Although many saw the publicity as an ‘irritation’ that they tried to ‘ignore’, they appreciated that the controversy was likely to affect their experience of the exhibition. One man had decided not to see the exhibition because ‘all the publicity means I don’t need to go and see it – I have already seen the art in the papers’ and he ‘didn’t want to pay £4 just to be shocked’.

Of those who had seen the show, some were shocked by the publicity-generating work of the transvestite potter Grayson Perry, and those enfants terribles the Chapman Brothers. The Chapmans’ work that fuelled most anger wasn’t their explicit pieces ‘Sex’ and ‘Death’, but their re-workings of Goya’s etchings. Meanwhile, one interviewee refused to give her opinion on Grayson Perry’s work, leaving it to her husband to explain that ‘she thought that paedophilia is a subject so crammed full of dangers that it should not really be touched upon by art – a virus that should be contained rather than bringing it out into the open as his art does’. Others, though, said that they had not been surprised by anything in the exhibition.

While one person saw the Turner Prize as ‘synonymous with shock rather than as a prize for modern art’, others suggested that this image is now rather outdated (2). Modern art may have pushed the boundaries of taste in the past, but shock-value is now an expected characteristic of nominees’ work. It seems that most visitors – aside from tabloid journalists – are not particularly shocked at the content of the work anymore, especially since the Royal Academy of Art’s sensational 1997 Sensation exhibition.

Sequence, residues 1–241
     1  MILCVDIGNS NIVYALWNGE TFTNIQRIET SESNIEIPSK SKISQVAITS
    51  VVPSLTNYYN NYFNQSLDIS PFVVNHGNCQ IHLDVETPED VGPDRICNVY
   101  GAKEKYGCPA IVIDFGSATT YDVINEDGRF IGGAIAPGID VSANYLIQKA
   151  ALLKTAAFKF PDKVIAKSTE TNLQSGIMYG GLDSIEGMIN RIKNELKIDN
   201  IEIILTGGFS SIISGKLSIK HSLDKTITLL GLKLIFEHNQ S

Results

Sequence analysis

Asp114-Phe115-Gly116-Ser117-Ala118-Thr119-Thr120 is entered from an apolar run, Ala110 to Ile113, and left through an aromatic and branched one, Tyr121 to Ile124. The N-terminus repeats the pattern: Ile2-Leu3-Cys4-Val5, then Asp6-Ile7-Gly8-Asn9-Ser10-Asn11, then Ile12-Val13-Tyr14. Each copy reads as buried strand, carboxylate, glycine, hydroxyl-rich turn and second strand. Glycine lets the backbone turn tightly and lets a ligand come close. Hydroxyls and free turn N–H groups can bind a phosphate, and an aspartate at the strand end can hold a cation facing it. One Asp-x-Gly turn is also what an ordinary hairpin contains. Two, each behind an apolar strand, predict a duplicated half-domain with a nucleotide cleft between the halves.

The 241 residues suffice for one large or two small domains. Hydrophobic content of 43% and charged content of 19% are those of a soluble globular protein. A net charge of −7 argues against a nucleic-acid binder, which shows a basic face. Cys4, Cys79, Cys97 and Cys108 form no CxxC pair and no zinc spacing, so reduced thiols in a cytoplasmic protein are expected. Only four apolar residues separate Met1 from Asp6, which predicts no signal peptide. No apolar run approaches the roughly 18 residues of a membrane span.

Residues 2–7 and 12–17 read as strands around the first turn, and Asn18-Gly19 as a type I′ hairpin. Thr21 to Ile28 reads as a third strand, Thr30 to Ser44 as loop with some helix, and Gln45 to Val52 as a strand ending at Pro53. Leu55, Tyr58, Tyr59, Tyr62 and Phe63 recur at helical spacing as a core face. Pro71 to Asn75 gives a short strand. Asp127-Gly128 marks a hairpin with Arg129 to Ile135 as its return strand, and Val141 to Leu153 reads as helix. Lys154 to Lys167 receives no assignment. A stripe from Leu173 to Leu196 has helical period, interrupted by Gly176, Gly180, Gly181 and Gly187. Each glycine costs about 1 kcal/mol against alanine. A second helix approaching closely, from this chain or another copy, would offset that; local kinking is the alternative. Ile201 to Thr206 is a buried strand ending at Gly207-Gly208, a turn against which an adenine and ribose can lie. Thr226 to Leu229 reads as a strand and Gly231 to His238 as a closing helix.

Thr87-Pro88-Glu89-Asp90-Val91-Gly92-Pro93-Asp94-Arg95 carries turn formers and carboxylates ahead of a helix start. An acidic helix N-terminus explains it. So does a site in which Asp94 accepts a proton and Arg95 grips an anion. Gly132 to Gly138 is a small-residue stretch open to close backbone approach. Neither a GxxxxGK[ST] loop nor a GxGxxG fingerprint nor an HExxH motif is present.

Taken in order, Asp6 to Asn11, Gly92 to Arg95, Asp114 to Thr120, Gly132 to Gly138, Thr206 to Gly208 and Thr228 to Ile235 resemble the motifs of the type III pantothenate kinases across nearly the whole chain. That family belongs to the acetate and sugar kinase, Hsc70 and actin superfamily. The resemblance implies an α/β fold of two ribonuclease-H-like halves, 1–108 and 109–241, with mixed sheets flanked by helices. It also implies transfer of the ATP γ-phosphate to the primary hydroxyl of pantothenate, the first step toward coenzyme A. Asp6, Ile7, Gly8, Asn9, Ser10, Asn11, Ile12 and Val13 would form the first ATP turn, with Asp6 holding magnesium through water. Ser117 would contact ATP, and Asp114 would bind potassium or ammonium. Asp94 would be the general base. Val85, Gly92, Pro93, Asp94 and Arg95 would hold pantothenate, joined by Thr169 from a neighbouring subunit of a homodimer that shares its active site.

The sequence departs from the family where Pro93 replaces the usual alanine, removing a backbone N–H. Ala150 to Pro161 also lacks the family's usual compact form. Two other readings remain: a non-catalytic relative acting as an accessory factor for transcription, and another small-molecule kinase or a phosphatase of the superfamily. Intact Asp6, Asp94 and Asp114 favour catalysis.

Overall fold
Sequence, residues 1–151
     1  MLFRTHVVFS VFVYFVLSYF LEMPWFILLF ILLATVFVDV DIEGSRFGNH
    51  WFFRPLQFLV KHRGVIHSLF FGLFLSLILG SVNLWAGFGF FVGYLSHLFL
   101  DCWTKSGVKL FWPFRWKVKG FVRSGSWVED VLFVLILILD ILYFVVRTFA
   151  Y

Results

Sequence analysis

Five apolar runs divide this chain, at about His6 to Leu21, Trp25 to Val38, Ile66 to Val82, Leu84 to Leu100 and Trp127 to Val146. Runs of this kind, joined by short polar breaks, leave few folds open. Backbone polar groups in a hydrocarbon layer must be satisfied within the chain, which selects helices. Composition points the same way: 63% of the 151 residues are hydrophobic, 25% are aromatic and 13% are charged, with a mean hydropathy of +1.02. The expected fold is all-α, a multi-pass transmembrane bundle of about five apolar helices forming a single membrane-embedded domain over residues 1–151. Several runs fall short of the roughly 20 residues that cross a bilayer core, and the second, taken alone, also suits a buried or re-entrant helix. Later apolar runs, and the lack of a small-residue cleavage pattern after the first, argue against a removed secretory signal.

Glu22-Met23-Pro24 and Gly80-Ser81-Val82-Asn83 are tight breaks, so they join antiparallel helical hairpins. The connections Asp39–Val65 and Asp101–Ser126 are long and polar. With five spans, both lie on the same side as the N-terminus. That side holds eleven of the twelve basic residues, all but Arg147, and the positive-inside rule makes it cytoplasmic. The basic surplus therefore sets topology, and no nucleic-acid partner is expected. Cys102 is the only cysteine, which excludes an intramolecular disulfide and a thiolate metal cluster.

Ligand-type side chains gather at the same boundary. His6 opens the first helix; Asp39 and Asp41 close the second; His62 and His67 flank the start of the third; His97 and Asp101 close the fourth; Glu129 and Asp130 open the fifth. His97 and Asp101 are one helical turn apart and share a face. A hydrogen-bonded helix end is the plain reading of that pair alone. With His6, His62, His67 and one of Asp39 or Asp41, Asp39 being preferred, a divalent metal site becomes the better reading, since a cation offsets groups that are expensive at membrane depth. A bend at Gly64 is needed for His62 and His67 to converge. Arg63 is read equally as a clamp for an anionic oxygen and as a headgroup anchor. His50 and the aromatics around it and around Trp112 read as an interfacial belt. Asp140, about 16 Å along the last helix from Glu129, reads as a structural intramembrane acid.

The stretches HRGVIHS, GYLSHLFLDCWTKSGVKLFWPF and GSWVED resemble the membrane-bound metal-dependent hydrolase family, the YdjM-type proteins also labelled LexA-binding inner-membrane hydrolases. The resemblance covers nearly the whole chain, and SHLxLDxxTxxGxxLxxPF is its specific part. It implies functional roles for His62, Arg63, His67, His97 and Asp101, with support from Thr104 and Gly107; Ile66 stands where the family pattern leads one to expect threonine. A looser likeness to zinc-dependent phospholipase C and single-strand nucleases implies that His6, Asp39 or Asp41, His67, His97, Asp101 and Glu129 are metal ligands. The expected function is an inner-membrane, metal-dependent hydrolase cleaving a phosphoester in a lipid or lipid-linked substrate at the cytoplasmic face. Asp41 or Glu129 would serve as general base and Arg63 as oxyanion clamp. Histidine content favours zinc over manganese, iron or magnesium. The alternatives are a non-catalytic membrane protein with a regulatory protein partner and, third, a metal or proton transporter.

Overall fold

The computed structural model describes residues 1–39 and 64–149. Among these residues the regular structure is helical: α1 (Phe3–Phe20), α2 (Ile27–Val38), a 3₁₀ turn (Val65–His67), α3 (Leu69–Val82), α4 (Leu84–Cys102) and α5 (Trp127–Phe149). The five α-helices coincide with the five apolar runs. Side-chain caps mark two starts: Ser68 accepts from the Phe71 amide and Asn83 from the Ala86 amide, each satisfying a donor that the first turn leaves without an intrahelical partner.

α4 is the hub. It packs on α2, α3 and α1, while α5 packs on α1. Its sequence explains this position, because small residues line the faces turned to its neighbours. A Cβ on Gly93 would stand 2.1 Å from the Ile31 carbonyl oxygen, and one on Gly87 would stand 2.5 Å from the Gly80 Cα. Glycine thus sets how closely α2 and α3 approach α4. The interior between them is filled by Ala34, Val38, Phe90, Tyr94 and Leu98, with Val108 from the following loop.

One controversy that still remains among Turner Prize followers is the question of the validity of contemporary art. If the prize’s original purpose was ‘to promote public discussion of new developments in contemporary British art’ (3), then the debate that has been raging in the press and on the comments board should be a sign that the prize is fulfilling its brief.

As a result, the Turner Prize is seen as a forum for challenging people’s conceptions of art and stimulating debate beyond the art community, as much as it is for deciding on the best art of the day. One person I spoke to said: ‘the Chapman Brothers should win – as artists they set out to make people question society, which they do very successfully – just look at all the publicity they generate.’

The prize’s focus on generating public debate and challenging conceptions of art, suggests a certain confusion within the arts community about how art should be judged. When it comes to deciding what makes a Turner winner, the curators might well be as bemused as the public.

(1) ‘The Stomach Turner Prize: sex dolls and corpses on display’, Sun, 29 October 2003; and ‘Modern Ar*e: Blow-up dolls in running for latest Turner Prize’, Daily Mirror, 29 October 2003

(2) Guardian, 30 October 2003

(3), 29 October 2003

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Topics Culture